Apple Watch was initially supposed to track stress, blood pressure, heart activity

Apple Watch

When Apple announced the Apple Watch last September, the company gave us a brief overview of the device’s capabilities: tracking fitness and heart rate, receiving notifications, playing music, running apps, paying for goods via Apple Pay. However, CEO Tim Cook also told us that the Apple Watch was capable of so much more, there just wasn’t time to cover all of the watch’s features during September’s iPhone event.

The Apple Watch is scheduled for launch in mid-April, but Apple hasn’t really given us much more information than what we got at the initial event last fall. The company is expected to hold another Apple Watch event closer to the release date, so we’ll find out all about what the smartwatch can do then. In the meantime, the Wall Street Journal has given us a couple of features that we shouldn’t expect to see in April.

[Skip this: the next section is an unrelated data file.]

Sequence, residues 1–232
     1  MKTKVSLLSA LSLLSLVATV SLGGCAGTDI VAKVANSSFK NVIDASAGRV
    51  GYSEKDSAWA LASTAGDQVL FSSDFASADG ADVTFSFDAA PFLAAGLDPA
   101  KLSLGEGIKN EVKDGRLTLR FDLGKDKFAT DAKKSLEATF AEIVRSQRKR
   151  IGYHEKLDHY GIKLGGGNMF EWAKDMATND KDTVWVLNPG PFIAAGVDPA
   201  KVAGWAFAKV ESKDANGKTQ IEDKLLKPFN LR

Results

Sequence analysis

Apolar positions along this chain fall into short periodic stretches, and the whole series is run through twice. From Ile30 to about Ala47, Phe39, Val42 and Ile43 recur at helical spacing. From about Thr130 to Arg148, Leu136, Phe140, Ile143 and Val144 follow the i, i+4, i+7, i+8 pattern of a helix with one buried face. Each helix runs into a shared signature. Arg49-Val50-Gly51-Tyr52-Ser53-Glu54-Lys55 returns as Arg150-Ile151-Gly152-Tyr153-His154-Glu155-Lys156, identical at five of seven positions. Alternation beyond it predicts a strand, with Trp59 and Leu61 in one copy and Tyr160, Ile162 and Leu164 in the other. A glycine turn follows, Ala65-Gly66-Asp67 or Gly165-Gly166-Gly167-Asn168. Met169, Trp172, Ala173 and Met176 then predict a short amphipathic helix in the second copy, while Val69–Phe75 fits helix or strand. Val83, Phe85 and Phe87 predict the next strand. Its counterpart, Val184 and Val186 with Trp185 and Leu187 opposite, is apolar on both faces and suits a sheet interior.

WSJ cites sources that say the Apple Watch was initially supposed to track stress, blood pressure and heart activity, but these functions ultimately didn’t make the cut for generation one of the hardware. People familiar with the matter say these features were left on the cutting room floor for multiple reasons, among them potential regulatory road blocks and sensors that weren’t sophisticated enough for the job. These features are expected to make it into future iterations of the device, but early adopters will have to live with the more familiar smartwatch experience outlined last September.

[source]The Wall Street Journal[/source]